ISLAMABAD: A Senate special committee on decline in tax collection from the cigarette manufacturing industry has not yet recommended measures for enhancing revenue collection from the industry.
The parliamentary panel has held several meetings over the past seven months, but has failed to finalise report on the measures required to increase tax receipts from the cigarette manufacturing industry, which have gone down in recent months.
“We will finalise recommendations relating to the cigarette industry in one or two days and a report will be presented to the Senate for review,” remarked Senator Kalsoom Parveen, Convener of the Senate special committee, while talking to The Express Tribune.
Cigarette manufacturer says sin tax will cut market share
The Ministry of National Health Services, Regulations and Coordination is pressing the government to increase tax rate on the cigarette manufacturers in order to discourage its consumption.
The ministry also recently requested the cabinet to approve a sin tax bill aimed at imposing a tax of Rs10 on each cigarette packet, which would jack up prices and discourage cigarette consumption. However, the cabinet did not approve the bill following opposition from the Federal Board of Revenue (FBR).
According to officials, the FBR was of the view that the imposition of Rs10 in sin tax would have a negative impact on those companies which had already been paying heavy taxes.
The FBR believed that domestic cigarette manufacturers would get an annual benefit of Rs10 billion while multinational companies (MNCs), which paid around Rs89 billion in annual taxes, would face losses.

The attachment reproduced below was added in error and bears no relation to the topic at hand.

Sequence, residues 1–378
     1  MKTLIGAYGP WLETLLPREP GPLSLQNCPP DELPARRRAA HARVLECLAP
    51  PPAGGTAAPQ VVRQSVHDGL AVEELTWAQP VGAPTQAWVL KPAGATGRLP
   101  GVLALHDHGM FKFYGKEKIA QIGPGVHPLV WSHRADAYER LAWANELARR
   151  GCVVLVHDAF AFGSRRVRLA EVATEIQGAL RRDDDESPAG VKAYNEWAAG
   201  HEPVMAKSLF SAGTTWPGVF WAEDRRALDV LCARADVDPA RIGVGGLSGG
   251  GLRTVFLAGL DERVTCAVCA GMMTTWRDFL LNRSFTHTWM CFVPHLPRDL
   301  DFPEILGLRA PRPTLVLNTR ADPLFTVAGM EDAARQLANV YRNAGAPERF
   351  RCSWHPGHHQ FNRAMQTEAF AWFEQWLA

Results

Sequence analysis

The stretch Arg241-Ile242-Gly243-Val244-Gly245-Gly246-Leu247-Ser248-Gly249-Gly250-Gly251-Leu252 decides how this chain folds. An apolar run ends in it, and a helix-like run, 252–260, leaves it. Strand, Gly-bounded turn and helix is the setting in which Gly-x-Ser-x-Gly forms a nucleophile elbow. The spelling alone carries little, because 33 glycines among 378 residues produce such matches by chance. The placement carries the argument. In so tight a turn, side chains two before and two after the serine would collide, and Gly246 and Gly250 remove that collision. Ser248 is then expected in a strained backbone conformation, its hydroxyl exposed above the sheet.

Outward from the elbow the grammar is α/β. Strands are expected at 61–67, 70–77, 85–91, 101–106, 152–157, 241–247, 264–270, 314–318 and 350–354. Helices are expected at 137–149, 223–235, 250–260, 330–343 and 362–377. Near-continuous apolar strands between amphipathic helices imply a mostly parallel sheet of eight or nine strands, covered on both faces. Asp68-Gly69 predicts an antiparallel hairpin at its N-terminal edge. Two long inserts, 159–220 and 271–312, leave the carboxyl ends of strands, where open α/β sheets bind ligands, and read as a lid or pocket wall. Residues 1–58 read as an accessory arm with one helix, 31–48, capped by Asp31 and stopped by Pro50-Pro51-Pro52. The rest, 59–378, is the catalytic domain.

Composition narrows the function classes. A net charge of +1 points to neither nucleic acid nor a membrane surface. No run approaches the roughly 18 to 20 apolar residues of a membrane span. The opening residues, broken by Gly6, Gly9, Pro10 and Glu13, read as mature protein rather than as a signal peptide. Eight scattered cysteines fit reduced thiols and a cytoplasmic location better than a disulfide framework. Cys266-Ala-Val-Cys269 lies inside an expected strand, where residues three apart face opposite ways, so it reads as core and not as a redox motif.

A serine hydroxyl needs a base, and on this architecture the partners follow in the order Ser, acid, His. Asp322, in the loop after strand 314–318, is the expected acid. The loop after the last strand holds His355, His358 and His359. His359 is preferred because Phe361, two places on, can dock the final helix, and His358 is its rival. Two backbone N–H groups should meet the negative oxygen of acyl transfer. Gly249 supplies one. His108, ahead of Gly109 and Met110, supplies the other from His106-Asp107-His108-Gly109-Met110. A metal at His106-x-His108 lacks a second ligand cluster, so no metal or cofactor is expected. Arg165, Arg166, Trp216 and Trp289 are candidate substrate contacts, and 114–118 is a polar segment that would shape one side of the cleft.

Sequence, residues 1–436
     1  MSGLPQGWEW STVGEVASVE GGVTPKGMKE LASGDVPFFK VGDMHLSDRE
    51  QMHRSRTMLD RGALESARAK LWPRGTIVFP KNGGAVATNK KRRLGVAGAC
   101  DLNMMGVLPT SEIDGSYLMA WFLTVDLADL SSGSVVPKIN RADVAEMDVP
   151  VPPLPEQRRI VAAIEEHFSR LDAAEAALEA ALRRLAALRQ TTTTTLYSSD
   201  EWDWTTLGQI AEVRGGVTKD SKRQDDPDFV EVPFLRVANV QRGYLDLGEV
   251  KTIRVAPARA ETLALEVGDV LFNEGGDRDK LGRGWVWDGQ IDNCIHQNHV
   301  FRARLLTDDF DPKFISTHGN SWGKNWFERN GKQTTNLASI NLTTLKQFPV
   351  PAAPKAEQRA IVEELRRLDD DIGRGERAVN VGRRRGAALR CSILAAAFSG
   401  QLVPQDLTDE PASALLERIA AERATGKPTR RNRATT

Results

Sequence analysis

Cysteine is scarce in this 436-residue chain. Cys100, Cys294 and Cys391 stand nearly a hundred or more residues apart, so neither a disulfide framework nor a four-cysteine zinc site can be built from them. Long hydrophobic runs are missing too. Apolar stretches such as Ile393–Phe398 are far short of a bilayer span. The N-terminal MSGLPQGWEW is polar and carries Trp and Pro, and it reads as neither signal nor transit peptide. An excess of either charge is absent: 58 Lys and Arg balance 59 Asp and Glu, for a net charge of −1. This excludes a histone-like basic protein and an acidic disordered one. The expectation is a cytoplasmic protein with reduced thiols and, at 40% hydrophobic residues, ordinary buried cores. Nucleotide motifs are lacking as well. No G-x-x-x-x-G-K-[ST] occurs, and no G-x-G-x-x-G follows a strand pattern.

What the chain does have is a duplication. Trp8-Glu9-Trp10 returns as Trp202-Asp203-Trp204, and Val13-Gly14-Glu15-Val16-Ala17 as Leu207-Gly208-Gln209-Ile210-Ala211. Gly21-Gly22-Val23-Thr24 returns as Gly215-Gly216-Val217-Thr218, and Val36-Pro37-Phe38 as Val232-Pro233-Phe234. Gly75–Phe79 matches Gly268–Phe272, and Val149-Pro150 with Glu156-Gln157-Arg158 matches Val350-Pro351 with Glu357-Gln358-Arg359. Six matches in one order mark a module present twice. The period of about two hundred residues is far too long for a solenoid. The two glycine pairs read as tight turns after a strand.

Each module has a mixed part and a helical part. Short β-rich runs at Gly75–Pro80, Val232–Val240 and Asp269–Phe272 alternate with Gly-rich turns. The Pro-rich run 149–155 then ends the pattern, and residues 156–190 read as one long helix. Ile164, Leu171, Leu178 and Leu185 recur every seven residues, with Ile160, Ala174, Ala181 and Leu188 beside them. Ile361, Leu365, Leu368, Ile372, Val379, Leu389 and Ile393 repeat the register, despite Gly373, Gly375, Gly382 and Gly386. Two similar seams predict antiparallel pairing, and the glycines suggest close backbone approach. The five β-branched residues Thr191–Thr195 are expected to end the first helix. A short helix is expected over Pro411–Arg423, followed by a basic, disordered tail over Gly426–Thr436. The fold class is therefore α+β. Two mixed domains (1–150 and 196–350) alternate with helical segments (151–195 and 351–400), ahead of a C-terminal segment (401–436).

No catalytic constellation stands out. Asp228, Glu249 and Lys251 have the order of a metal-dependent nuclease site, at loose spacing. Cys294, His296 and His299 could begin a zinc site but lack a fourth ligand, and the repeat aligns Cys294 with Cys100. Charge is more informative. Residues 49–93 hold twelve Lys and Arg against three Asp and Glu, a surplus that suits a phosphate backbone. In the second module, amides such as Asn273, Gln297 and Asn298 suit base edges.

Industry urges government to stop sale of illicit cigarettes
The decrease in earnings of the MNCs would cast a negative impact on the FBR’s revenue collection, they said. The Ministry of National Health Services had presented a bill titled “The Federal Health Levy Bill 2019” to the federal cabinet for approval prior to presenting the bill in parliament for its conversion into law for enforcement.
However, the cabinet, in its meeting held on Thursday last week, deferred decision on the bill.
In Pakistan, cigarette consumption causes around 108,800 deaths annually, which means 298 deaths per day.
The revenue earned from the industry will be diverted to schemes, programmes, activities and research for improvement of general health of the people and reducing human and economic costs due to various diseases.
The cigarette industry in Pakistan faces a critical challenge due to the presence of non-tax and duty paid cigarettes on a wide scale.
Published in The Express Tribune, February 27th, 2019.
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